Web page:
FIMS Profile

Amber Matthews

  • About Me

  • Publications & Contributions

I am a Library and Information Science (LIS) doctoral student and hold a master’s degree in LIS. My research interests include examining the presence and force of race and systemic racism in public libraries and its impacts on racialized youth. My work is grounded in a Critical Race Theory framework to decentre whiteness in libraries and librarianship and support the development of relevant programs and services for non-dominant groups. Prior to returning to scholarly research, I had a nine year career in community and youth engagement. I worked for several large charities including hospital foundations, children’s and youth rehabilitation and treatment centres, and a shelter for abused women and children. With increasingly senior roles and responsibilities, I worked with communities to raise over $70 million in program and capital funding and made tangible improvements to non-profit organizations and community services in Canada and abroad.

My work stems from a mix of personal experience and a desire to make tangible improvements in areas that I live and work. Since early childhood, I have understood that life isn’t fair. Some kids like me are born to a young mom and lose their father at eight months old. Others have a body that society tells them is less valuable or live in communities that limit their opportunities to thrive. For kids facing these uncertainties and challenges, the public library can be a reprieve from adult worries and a chance to learn and grow. What I did not know until adulthood was that not all kids felt nurtured in the library or saw themselves in the books or librarian. My work is centered on improving services to those that don’t feel the same sense of hope and belonging in the library that sustained me through my young adult years. I employ anti-oppression frameworks to understand how white privilege functions in libraries in ways that can be detrimental to racialized youth. I aim to turn the gaze back on public libraries and challenge them to dismantle institutional and systemic barriers to engagement and create anti-oppressive spaces and practices that support all Canadian youth.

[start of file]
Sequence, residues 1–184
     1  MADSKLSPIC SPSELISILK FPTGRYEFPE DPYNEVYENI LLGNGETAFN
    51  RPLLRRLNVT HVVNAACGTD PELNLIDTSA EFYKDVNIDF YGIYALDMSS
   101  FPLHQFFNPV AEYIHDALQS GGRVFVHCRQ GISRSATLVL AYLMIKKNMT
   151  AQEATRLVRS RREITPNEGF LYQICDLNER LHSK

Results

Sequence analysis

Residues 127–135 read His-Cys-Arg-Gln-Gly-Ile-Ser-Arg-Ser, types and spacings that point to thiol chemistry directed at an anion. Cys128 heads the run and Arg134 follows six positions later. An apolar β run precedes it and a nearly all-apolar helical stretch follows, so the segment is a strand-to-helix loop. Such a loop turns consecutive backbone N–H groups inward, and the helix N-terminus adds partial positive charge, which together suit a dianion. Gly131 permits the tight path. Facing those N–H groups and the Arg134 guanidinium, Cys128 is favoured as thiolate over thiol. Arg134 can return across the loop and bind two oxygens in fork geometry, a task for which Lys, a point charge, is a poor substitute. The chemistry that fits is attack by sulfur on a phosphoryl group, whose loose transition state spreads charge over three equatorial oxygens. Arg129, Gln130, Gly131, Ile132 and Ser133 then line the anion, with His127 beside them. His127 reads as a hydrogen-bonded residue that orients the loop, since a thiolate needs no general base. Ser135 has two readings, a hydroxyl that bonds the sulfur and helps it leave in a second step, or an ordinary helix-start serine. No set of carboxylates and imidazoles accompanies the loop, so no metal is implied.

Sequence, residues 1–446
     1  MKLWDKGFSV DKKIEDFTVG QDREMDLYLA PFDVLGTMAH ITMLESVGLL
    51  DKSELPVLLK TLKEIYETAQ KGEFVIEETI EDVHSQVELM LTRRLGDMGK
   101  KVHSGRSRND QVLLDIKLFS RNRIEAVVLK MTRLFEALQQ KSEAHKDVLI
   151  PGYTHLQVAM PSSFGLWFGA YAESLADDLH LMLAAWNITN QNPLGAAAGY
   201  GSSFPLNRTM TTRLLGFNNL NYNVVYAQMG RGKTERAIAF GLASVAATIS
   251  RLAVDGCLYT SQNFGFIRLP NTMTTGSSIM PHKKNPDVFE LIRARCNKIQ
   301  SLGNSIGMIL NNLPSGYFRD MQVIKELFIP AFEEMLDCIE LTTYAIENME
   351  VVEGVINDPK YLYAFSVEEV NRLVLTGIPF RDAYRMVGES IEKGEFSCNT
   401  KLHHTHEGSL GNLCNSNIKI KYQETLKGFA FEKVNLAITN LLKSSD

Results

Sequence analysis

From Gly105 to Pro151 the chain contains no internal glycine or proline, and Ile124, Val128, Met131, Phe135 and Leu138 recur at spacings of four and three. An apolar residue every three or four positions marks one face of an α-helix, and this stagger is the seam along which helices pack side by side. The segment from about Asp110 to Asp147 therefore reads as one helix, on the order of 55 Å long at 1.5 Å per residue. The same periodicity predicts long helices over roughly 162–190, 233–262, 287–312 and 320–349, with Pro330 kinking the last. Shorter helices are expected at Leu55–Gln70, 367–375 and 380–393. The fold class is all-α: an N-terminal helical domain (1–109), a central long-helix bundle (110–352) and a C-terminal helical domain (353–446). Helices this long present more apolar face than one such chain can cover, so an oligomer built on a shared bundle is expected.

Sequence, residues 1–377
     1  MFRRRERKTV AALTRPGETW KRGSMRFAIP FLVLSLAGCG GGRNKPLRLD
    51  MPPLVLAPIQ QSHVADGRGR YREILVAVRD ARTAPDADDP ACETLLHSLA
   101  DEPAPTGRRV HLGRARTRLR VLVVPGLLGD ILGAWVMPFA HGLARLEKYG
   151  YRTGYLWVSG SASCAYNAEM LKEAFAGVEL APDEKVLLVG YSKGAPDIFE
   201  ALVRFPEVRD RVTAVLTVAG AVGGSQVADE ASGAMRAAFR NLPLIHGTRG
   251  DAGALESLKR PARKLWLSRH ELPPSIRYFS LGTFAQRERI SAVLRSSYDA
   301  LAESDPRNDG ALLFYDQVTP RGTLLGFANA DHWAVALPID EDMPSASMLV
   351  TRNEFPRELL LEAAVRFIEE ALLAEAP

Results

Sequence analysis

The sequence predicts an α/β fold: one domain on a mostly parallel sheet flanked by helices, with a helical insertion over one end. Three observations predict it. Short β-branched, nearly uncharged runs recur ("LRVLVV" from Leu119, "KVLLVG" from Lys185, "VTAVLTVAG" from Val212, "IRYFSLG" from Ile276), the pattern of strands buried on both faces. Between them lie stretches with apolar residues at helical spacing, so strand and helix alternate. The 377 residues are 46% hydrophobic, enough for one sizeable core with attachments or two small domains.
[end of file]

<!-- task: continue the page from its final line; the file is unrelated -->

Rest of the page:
Refereed Research 

Matthews, Amber and Gavin Bennett, Maneja G. Joian and Jenna Brancatella. 2019. "Indigenous Young Adult Literature: Scholarly and Professional Resources for Librarians”. Emerging Library & Information Perspectives, 2(1): 165-179.

Non-Refereed Contributions

Matthews, Amber. 2019. Racialized Youth and the Public Library: Towards Equity in Public Library Practice. Public Lecture. September 25, 2019. Western University. London, ON. 

Matthews, Amber. 2019. Racialized Youth and the Public Library: A Critical Race Theory Approach to Program Utilization and Effectiveness. Poster presented at FIMULAW Interdisciplinary Conference March 22, 2019. Western University. London, ON.
Matthews, Amber. 2018. Prospect Research: Information and Surveillance in the Non-Profit Sector. Public Lecture. June 8, 2018. Western University. London, ON.

Forthcoming Contributions

Matthews, Amber. Critical Approaches to Engagement with Racialized Youth in the Public Library. Paper Presentation. Mediations Lecture Series. January 16, 2020. Western University. London, ON.  
Matthews, Amber. 2019. “Racialized Youth in the Public Library: Systemic Racism through a Critical Theory Lens”. Partnership: The Canadian Journal of Library and Information Practice and Research, 15(2).